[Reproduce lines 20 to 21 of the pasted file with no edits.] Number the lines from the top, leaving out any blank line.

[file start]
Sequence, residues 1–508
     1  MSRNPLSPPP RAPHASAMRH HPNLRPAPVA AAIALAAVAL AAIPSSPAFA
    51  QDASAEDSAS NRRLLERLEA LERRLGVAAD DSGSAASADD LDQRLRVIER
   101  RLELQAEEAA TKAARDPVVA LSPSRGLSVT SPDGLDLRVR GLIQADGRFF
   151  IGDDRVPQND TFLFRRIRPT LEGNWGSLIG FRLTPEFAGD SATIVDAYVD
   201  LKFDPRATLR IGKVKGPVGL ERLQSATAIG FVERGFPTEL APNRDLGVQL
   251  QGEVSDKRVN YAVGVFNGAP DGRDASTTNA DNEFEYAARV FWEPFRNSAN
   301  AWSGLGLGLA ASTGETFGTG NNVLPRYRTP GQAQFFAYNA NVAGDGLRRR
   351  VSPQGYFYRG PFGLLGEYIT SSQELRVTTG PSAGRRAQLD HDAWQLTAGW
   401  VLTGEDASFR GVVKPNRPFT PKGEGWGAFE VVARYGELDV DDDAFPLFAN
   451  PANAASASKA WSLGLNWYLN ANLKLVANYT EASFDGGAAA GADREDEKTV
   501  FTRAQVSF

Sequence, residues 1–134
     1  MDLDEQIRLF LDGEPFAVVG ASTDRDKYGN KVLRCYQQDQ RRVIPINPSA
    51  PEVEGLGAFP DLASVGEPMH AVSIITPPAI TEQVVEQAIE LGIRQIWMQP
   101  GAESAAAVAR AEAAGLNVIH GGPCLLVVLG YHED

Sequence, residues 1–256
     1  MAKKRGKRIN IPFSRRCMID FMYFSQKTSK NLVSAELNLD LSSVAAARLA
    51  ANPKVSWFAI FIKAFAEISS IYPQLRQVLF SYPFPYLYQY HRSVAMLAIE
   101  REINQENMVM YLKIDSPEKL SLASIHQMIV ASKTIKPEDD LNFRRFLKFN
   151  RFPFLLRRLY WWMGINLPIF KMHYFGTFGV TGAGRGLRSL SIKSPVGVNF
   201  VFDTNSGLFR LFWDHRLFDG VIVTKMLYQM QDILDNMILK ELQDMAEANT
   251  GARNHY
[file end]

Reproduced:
   101  REINQENMVM YLKIDSPEKL SLASIHQMIV ASKTIKPEDD LNFRRFLKFN
   151  RFPFLLRRLY WWMGINLPIF KMHYFGTFGV TGAGRGLRSL SIKSPVGVNF